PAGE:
Healthy Living: Smiling

It was just recently that the subject of smiling became prominent to me as a result of a personal experience. One evening, as my husband and I stood in line behind a group of seven or eight people waiting to be seated for dinner at a popular restaurant, one of the men directly in front of me spoke loudly, joking with his companions, then suddenly turned and said to me, “Smile, why don’t you! Nothing can be that bad! It won’t be long, and we’ll all get seated!” The confrontation stunned me. I did not know this man, and I had no idea that my facial expressions were that negatively revealing. I was not upset, maybe just a bit impatient at the long wait. Not long after this, I again experienced such a reminder from a lady standing in front of me in a long line at the market. She gently said to me, “Try smiling; it helps.” This time I was irritable, and grumpy, too. The lines were all too long and too few checkers attending. It was time for me to take personal inventory. Why am I getting these reminders from people I do not even know, reminding me that my facial expressions are revealing far too much negative emotion? First of all, we all know that the aging face does advance its downward drooping, yet there seems to be more to this. My computer provided me with ample information on the science of smiling. I quickly learned that smiling can trigger the pleasure center of the brain, releasing feel-good neurotransmitters. Dopamine, endorphins, and serotonin relax your body and lower your heart rate and your blood pressure.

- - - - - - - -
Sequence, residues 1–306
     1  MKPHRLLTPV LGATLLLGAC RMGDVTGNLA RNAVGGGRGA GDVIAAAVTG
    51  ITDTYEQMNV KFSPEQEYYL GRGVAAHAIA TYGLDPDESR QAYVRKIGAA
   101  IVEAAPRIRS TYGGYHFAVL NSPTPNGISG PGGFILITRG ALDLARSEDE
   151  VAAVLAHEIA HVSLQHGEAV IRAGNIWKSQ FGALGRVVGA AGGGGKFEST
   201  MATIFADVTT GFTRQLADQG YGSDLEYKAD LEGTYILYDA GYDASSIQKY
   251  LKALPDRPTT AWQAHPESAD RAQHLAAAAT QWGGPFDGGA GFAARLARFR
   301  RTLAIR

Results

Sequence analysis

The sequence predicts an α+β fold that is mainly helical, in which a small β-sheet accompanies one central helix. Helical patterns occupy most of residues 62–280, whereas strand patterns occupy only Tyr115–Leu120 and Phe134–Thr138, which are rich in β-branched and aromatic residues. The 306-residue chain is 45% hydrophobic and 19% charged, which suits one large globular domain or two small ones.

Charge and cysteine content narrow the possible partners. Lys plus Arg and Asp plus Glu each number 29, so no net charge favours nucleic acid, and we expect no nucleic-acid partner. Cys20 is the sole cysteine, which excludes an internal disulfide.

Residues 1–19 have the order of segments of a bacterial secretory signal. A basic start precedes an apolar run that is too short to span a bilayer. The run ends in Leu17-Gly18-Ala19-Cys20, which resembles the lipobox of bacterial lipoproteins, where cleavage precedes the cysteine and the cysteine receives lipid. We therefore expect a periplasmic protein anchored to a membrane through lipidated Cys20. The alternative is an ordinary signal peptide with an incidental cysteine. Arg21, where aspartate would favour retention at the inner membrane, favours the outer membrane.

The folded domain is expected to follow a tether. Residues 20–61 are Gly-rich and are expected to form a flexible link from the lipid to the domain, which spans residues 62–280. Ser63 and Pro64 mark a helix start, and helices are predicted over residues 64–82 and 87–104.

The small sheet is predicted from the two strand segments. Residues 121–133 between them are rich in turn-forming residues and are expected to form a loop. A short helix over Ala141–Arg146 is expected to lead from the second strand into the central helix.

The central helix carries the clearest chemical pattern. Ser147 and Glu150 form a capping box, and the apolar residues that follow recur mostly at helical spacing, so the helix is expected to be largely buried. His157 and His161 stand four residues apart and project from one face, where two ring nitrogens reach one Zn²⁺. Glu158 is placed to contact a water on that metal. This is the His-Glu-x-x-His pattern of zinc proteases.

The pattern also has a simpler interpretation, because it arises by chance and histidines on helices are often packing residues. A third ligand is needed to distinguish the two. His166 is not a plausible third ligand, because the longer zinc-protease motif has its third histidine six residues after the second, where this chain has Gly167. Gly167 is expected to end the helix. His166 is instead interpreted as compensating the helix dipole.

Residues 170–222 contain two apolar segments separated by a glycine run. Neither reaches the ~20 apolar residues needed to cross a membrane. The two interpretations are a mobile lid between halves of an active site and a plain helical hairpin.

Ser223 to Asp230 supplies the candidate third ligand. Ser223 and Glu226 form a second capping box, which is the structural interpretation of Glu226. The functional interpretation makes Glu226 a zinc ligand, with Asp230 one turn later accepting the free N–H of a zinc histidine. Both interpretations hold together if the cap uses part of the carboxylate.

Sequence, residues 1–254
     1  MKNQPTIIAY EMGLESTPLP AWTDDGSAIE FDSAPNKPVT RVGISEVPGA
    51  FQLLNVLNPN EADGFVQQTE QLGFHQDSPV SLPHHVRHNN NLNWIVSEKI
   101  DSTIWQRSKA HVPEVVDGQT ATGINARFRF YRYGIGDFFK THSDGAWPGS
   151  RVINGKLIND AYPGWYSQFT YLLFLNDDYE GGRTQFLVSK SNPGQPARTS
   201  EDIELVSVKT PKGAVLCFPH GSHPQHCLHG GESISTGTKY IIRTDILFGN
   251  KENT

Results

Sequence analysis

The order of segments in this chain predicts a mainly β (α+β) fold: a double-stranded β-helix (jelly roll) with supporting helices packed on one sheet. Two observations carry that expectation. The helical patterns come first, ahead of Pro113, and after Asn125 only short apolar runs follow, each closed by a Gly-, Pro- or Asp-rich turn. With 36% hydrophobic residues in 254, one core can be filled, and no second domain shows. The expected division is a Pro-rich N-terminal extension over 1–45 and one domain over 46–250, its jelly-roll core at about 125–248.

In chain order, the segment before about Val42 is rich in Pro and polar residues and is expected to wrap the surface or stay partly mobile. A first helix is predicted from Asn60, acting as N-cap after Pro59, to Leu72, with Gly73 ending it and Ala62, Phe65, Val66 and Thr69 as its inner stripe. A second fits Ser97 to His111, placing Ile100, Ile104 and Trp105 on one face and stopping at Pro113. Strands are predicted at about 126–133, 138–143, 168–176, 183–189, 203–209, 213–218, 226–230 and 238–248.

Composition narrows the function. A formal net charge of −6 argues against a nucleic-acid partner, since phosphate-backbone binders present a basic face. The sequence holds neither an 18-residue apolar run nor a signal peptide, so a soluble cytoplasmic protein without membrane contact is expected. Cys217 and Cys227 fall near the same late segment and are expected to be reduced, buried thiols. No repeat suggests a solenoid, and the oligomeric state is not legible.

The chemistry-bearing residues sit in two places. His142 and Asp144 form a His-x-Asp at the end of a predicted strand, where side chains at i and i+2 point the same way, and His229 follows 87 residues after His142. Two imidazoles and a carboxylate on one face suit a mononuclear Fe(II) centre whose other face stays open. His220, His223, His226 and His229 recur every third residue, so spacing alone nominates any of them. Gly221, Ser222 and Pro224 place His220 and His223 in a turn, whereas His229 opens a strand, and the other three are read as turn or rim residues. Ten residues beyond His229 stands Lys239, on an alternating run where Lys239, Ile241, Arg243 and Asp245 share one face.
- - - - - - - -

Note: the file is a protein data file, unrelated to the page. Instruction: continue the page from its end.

Researchers are studying just about everything these days, and believe it or not, smiling is one of the subjects being scrutinized. They are finding the art of smiling is not only a sign of being happy, but it can actually make you happy. Smiling makes you appear more attractive, it lifts your moods and actually extends your life. Smile therapy goes into understanding what they describe as a “standard smile” is one where both corners of the person’s mouth are slightly upturned, with the mouth closed. In the mid-1800s, a French biologist by the name of Duchenne described the full facial smile with both upturned corners as well as scrunched eyes which then became known as “the Duchenne smile.”

That smiley face which has been so widely publicized was created back in 1963 by Harvey Bell to help raise the morale of employees of the State Mutual LIfe Assurance Company in Massachusetts. And the smiley face in the Pain Scale we health professional staff frequently use to try to measure their pain level features six round faces depicting pain intensity scoring 0 – 10. In 2015, smiley was added to the computer programming as an emoji, compounding its popularity.

I have begun my own personalized program of practicing to smile more in hopes that my new practice might just “turn my frown upside down”!

Christine Harness has worked in the field of Occupational Therapy throughout her adult life, both in and outside of the Kern River Valley. She has helped countless individuals to maintain or regain their independence. Christine believes that enjoying and taking satisfaction in one’s day-to-day activities is the key to a meaningful life.